Weekly output: forced-redirect ads, broadband infrastructure, Russian indictments

After a workweek that I interrupted for an overdue reunion with my skis, I have another abbreviated week coming up. On top of Monday being a holiday, early Friday evening I depart for Barcelona to cover my sixth Mobile World Congress show. If you have any questions about the state of the smartphone–especially outside the U.S. market–the next five days would be a great time to get them to me.

2/12/2018: Surfing the web can leave you open to ad hijackings. A browser fix has been slow, USA Today

I revised earlier coverage of “forced-redirect” ads that hijack your Web reading to note that Google had wound up not activating an advertised defense against this scam in January’s update to Chrome.

2/16/2018: Trump needs to do more to get more Americans online, Yahoo Finance

A year ago, even some skeptics of President Trump voiced cautious optimism that his vaunted infrastructure plan would include a broadband component. This week’s release of that plan–yes, over a year after he took office pledging to rebuild America’s roads, rails, airports and waterways–pretty much crushed those hopes. This post outlines some ways that this plan could have done better.

2/17/2018: Russian social-media indictments, Al Jazeera

For once, I was able to chase down a link to one of my appearances on the news network’s Arabic-language channel. If you can speak Arabic, skip to the 11:15 mark in this evening-news roundup and please let me know how intelligent (or not) the live translation made me sound about the Justice Department’s indictment of 13 Russians and the St. Petersburg troll factory that calls itself the “Internet Research Agency.”

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Weekly output: Section 702 surveillance, ad fraud, App Store review

Monday will be my first workday spent entirely in D.C. since mid December. I’m both attending and speaking (as in, quizzing futurist Amy Webb) at the State of the Net conference at the Newseum. “SOTN” is always a good tech-policy talkfest, and you can watch the proceedings live at its site.

1/22/2018: What you need to know about the government’s renewed surveillance law, Yahoo Finance

This explanation of the National Security Agency’s “Section 702” authorization to spy on foreign-intelligence suspects from within U.S. territory should have run in December. But once again, CES Advent left me with too little bandwidth to write the post then.

1/23/2018: How a gang of crooks hijacked your web browser, Yahoo Finance

One of the companies that I talked to for a December post on the plague of “forced-redirect” ads offered me an advance look at a study they’d done of a racket that not only inflicted these ads on readers at scale but set up its own network of fake ad agencies to get their fake ads on real networks. We updated the post a couple of days later to note that the report no longer mentioned two ad networks as being especially willing to do business with con-ad artists.

1/24/2018: Net neutrality app is a lesson in Apple’s App Store power, USA Today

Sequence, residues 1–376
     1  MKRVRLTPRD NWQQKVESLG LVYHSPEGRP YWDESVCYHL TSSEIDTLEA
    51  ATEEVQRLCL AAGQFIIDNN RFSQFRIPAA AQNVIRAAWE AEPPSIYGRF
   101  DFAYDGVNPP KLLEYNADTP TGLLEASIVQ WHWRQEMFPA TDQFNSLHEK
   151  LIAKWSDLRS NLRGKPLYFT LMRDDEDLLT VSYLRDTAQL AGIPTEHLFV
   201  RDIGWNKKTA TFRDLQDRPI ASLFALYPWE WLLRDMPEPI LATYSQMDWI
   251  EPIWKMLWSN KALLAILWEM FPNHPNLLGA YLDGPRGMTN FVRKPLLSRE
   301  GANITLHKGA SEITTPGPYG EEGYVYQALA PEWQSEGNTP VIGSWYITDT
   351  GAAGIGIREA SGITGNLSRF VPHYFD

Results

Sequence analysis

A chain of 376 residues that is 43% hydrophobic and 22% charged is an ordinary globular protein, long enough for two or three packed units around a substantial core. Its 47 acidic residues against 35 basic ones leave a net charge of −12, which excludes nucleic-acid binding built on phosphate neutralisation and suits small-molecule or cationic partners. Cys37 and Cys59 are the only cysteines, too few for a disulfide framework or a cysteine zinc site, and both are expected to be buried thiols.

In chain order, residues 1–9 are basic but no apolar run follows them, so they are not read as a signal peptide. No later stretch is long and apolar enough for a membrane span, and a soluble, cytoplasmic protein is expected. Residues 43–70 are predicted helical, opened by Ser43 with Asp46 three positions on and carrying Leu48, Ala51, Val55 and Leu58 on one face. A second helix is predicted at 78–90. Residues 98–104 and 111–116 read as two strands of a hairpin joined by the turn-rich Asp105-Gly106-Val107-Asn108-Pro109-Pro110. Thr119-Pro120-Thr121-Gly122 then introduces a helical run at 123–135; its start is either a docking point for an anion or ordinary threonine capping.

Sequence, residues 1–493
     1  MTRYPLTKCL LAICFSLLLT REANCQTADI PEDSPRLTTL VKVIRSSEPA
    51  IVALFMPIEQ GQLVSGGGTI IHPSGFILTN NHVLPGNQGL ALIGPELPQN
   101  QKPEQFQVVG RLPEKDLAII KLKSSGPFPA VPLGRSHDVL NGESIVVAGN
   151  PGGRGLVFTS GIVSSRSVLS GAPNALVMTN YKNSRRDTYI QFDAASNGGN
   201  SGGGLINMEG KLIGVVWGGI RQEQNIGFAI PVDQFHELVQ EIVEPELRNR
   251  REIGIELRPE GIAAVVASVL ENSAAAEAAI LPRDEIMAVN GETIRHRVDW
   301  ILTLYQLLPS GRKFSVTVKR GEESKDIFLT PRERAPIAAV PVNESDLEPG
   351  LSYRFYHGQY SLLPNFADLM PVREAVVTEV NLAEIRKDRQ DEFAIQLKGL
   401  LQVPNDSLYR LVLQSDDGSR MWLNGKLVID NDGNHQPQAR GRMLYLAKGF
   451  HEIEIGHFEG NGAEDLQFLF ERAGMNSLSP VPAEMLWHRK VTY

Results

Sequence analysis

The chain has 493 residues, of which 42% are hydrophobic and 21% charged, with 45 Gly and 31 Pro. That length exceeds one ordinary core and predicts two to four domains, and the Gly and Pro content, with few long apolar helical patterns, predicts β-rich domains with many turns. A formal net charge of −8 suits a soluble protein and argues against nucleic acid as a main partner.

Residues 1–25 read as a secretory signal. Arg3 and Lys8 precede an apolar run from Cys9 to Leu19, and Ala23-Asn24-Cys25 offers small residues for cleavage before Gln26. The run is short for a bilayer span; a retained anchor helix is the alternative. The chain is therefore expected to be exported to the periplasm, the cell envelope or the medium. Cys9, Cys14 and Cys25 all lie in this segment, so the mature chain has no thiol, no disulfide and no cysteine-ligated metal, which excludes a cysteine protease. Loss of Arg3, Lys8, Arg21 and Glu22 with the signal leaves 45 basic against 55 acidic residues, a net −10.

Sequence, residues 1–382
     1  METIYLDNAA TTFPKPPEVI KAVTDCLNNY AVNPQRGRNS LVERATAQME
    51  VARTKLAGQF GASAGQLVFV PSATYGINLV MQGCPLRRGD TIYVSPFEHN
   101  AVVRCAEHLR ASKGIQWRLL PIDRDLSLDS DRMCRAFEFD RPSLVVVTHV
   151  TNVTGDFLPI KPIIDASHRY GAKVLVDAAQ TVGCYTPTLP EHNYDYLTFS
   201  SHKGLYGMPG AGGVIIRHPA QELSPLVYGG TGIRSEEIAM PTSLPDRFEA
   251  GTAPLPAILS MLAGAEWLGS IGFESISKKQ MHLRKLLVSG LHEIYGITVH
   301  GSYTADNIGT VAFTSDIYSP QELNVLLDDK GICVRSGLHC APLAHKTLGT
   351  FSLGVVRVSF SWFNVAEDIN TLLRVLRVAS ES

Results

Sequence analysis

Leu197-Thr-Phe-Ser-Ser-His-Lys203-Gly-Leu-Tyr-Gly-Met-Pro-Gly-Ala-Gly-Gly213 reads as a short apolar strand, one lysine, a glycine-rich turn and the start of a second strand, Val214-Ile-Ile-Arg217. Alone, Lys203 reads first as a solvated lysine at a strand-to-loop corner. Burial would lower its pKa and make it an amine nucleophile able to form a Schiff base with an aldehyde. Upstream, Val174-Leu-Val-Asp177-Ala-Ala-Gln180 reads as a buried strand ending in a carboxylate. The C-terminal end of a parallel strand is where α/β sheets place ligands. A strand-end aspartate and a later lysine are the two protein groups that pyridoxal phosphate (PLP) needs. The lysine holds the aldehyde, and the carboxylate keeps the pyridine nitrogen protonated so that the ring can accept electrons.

I’ve been writing about Apple’s use and misuse of its App Store review authority for almost as long as I’ve been writing about net neutrality, so an episode involving Apple rejecting an app designed to help users spot net-neutality violations was an obvious topic.

Weekly output: Apple Park, forced-redirect ads, net neutrality, tech trends, Tech Night Owl, media-player tips

I would add up how many weeks this year have involved me writing about net-neutrality issues, but that would be too depressing.

12/11/2017: Why doesn’t Apple make its devices as carefully as it’s making Apple Park?, The Washington Post

After seeing Jony Ive’s talk at the Hirshhorn Museum last month, I tweeted out a line from him about how people should shut up about Apple Park’s perfectionist design–which then irked a great many people. I decided there was a story in this and, after striking out at two other places, found a home for it at the Post. Once again, I enjoyed confusing people who hadn’t seen my byline there in years.

12/11/2017: How to stop rogue ads that can set you up for malware, Yahoo Finance

When my mom asked how to dispel an obnoxious “forced-redirect” ads–the kind that take you off whatever you’re reading and then break your browser’s back button–I figured the problem was widespread enough to be story fodder.

12/14/2017: Here’s what you can expect now that the FCC has killed net neutrality, Yahoo Finance

The anger I’m seeing about this–not to mention the 3,767 comments this has drawn so far–suggest that FCC chair Ajit Pai’s PR strategy of laughing off fears is not calming anybody down.

12/16/2016: What’s Up With Tech?, PATACS

In my first talk to this user group since 2010, I talked about why I’m not sold on a handful of much-hyped technologies–4K TV, smart speakers, drones, virtual reality and Bitcoin. I brought a bag full of random trade-show swag to give away, and now I have that much more room in my home office’s closet.

12/16/2017: December 16, 2017 — Rob Pegoraro and Jeff Gamet, Tech Night Owl Live

I talked to host Gene Steinberg about the demise of the service once known as AOL Instant Messenger, net-neutrality politics, and my decision to replace my MacBook Air with a Windows laptop.

12/17/2017: Cord-cutting tips for setting up your new Roku, Amazon Fire TV and Apple TV, USA Today

The advice about using an Ethernet connection instead of WiFi should be obvious, but I’ll bet a lot of people don’t think about using Plex’s apps to play music and videos stored on their PCs or using a media player’s remote-control app to avoid having to type passwords by clicking at letters on the TV’s screen with the player’s regular remote.